As people age, they tend to spend more and more of their time by themselves and in their homes. While this can be relaxing and feel secure, it can also lead to isolation or loneliness. Spending time with other people does the brain well and helps keep mental and social acuity sharp, so it is important to plan senior social activities.
Not all social events are suitable for seniors, and putting them in difficult situations with other people can be a source of stress and embarrassment. Below are some of the most accessible social events to do with seniors so that they can feel included and engaged without feeling threatened.
Things to Keep in Mind
As you choose social events or activities that may be suitable for the older folks in your life, please keep in mind that what is easy for you might not be so easy for them. Even if they have no mobility issues, an elderly person may still struggle with reduced stamina, and feeling “stuck” outside the home can be a very unpleasant experience.
If you are choosing activities that require coordination and fine detail, consider elements like repetitive movement and the ability to fix mistakes when deciding whether that task is a good fit. Events that allow for accessible entrance and exit when they begin to feel tired are more likely to make an older person feel confident—and willing to return.
Just because a person gets older doesn’t mean they lose interest in their hobbies! One of the best ways to keep them engaged and excited is to help them find other people who share their interests.
Hobby clubs might involve physical activity like building something (imagine a Lego club!) or going somewhere (like fishing), but they don’t necessarily need to; those who enjoy sports, for example, can quickly get together and simply watch the game on TV.
Like hobby clubs, reading groups are usually very accessible for seniors since they do not require much physical exertion. Even those with arthritis of the hands or decreased vision should not be discouraged from participating just because they struggle to hold a book open or read the small print; audiobooks and e-readers are making these book clubs more approachable than ever.
Seniors can gather together and even enjoy lunch as a group while discussing what’s been happening in a book they’ve agreed to read. Alternatively, they can all pick different books and share their learning. This is a great way for them to gather together and engage in positive conversation while also sharing their findings.
Visit with Pets
Humane societies, pet stores, and more are making animals a fun activity for seniors by hosting pet-specific theme days. Sometimes, a senior can go directly to the business to play with animals, give them treats or simply sit with them, and sometimes these organizations come to long-term care facilities for a visit.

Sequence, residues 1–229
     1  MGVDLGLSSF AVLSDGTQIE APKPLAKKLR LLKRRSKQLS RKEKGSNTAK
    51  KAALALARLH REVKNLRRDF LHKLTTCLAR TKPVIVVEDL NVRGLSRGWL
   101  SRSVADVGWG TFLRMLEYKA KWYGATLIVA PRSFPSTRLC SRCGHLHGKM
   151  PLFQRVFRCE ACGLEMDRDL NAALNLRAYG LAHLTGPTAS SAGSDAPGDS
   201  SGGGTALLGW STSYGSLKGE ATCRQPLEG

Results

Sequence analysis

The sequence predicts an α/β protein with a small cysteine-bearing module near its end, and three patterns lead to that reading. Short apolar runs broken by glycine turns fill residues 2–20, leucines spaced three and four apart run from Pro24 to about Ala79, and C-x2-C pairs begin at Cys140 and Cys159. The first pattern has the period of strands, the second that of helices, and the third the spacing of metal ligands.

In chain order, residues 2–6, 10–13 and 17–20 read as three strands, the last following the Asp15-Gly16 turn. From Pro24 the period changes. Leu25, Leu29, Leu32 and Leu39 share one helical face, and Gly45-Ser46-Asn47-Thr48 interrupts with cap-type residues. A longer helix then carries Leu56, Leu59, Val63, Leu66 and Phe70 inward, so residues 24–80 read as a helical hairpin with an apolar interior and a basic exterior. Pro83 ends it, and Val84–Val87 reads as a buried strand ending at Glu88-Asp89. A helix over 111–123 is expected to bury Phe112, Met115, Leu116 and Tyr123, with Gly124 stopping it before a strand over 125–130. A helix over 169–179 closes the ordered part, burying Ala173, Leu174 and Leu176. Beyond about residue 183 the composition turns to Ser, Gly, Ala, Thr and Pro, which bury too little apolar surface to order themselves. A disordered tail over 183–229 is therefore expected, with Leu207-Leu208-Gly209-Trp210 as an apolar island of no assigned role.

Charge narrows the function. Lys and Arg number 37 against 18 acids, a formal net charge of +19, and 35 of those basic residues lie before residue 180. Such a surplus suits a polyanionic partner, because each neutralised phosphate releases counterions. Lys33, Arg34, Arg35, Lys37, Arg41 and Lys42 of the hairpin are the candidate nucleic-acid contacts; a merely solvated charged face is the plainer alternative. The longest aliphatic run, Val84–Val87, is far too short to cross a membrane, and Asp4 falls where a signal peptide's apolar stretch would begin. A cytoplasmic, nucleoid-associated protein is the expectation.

See if such programs exist in your area—because engaging with pets triggers many of the same social centers of the brain as speaking with people.
For those wanting to feel like they’re giving back, charity work offers a variety of benefits for seniors. Those able to be mobile can join a group to help serve food or pack care packages, while others can meet to work on more stationary projects like making quilts or crocheting.
By working as a team, seniors can gain a sense of common purpose and camaraderie while achieving tasks bigger than they might have been able to tackle on their own. Local faith congregations or charities can be a good source to explore options.
Puzzles and Games
Of course, one of the most accessible social activities that a senior can participate in is simply to play games with one or many others. Communal areas in assisted living facilities, or local Senior Centers can serve this purpose, but don’t stop there—did you know that even places like hobby stores sometimes have space dedicated to playing games?
They usually provide the games themselves, which means you won’t need to bring materials. It’s often easy to try games and activities without purchasing them yourself, and most games are not terribly costly. Can anyone say trivia night?
Puzzles, like jigsaw puzzles, are also an excellent cooperative option for those with dexterity and fine motor control, and there’s a reason that bingo is so popular with the older crowd. Simply being present with other people, even if not in direct conversation, can garner enormous benefits for an older person’s social life.
Manage Senior Living with Guidance from Experts
Keeping seniors social into their more aged years can be challenging. However, there are still a wide variety of options available for both mobile individuals and those who need in-place hobbies.
Navigating this stage of life might feel overwhelming, but the professionals at Shepherd’s Center of Northern Virginia can help you plan and participate in successful senior social events. Reach out to learn more or to ask questions about aging in place and establishing a sense of community.